11. Love

Realize that love is the very fuel of creation. It is what drives every creature, big and small. Love and God are synonymous. Love is what remains after everything else is gone. And the only place you will find it is in your own heart, even though you may search for it everywhere else for a long time. The only way you will experience true love is by loving. If you pick and choose whom to love, you will miss the greatest gift of human life. Be loving.

12. Religion

The world is divided by those fanatical about “their” God. In your life, you will encounter many who will try to convince you that “theirs” is better than “yours”. You may also notice yourself wanting to prove that yours is better than theirs. Recognize that this tendency is the hallmark of divisiveness, a uniquely human condition. God does not divide. God is all there is, in every being, every rock, every planet and every sun – in all of creation, seen and unseen, known and unknown. Seek to know God that is you; all else is trivial. Be God.

The “Where Am I?” Game

Written by Heal Your Heart on . Posted in Life Lessons

Share on FacebookShare on Google+Tweet about this on TwitterPin on PinterestShare on LinkedInEmail this to someonePrint this page

A few months ago, I was cooking while my children sat at the kitchen table working on their homework. As usual, they began bickering about something, and I heard one of them say, “No, this is mine. I have had it for months..”

The following arose as a jovial conversation between the younger child and me:

Me: “Are you sure it is yours?”

Her: “Yes.”

Me: “What makes it yours?”

Her: “Because as I said (with a look of ‘poor dumb Mommy’), I have had it for months. Besides, because I say so.”

Me: “Hmmm.. so it belongs to you.”

Her: “You’re not listening mom. Yes, it does.”

Me: “To whom?”

Her: “Me.”

Me: “Ok, where is this me that has this?”

Her: “Right here in this chair.”

Me: “Where in the chair?”

Her: “In my body.”

Me: “Where in that body?”

Her (thinking a bit): “In my brain.”

Me: “So will I find you if I cut open your brain? Remember the pictures of brains you’ve seen? By looking at those pictures, can you tell who they belong to? Was the person in the brain?”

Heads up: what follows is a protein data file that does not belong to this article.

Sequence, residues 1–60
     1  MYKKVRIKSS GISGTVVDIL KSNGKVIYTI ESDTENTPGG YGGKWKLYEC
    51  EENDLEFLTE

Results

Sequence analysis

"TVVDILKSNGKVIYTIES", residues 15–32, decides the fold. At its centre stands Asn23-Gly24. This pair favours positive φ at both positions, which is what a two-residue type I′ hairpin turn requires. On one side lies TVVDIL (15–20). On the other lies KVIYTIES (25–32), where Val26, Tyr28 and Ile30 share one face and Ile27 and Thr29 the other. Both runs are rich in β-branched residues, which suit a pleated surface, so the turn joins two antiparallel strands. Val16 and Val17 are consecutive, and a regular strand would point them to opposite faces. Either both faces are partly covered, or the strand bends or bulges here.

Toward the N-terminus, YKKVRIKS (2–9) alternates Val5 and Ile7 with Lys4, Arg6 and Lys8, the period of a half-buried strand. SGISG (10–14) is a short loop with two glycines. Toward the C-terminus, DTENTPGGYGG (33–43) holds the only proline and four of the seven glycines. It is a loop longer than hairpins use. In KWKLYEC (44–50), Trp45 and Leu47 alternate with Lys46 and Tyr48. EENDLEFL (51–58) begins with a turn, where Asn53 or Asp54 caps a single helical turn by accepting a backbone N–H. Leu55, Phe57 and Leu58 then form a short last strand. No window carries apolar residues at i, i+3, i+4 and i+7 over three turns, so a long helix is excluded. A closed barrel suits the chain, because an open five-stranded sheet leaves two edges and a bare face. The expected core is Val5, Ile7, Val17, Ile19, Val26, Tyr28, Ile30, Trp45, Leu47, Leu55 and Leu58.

Her: “Ahh, no. In the heart then.”

Me: “I show you live pictures of hearts all the time. Is the person ever in the heart?”

While the above was transpiring between this younger child (age 9) and me, the older one (age 11) sat listening quietly. At this point, her eyes widened with absolute disbelief and recognition. The following is the conversation with her:

Her: “Gosh, mommy! I’m not in my body at all!!”

Me: “Where are you then?”

Her: “Must be in my mind!”

Me: “Where is this mind where you are?”

Her: “In my brain.”

Me: “In those pictures you’ve seen of brains, is there a part called mind?”

Her: “No.. So, am in my feelings?”

Me: “Do your feelings come and go?”

Her: “Yes.. Ahh.. so I cannot be in my feelings because I am here even when the feeling goes away.. Tell me then mom. Where am I??”

Me (big smile): “Sorry, can’t do. You have to find out for yourself.”

At this point, I just laughed and changed the topic. A few days later, I was driving the older child back late at night from an activity.. After several minutes of silence, she began:

Her: “Mommy, can we play the where am I game again?”

Me (taking several minutes to figure out what she was talking about): “Sure.”

Her: “So, I am not in my body, mind or feelings. But I know I’m here. Where am I then?”

Me: “You tell me.”

Her: “Why am I not my thoughts again?”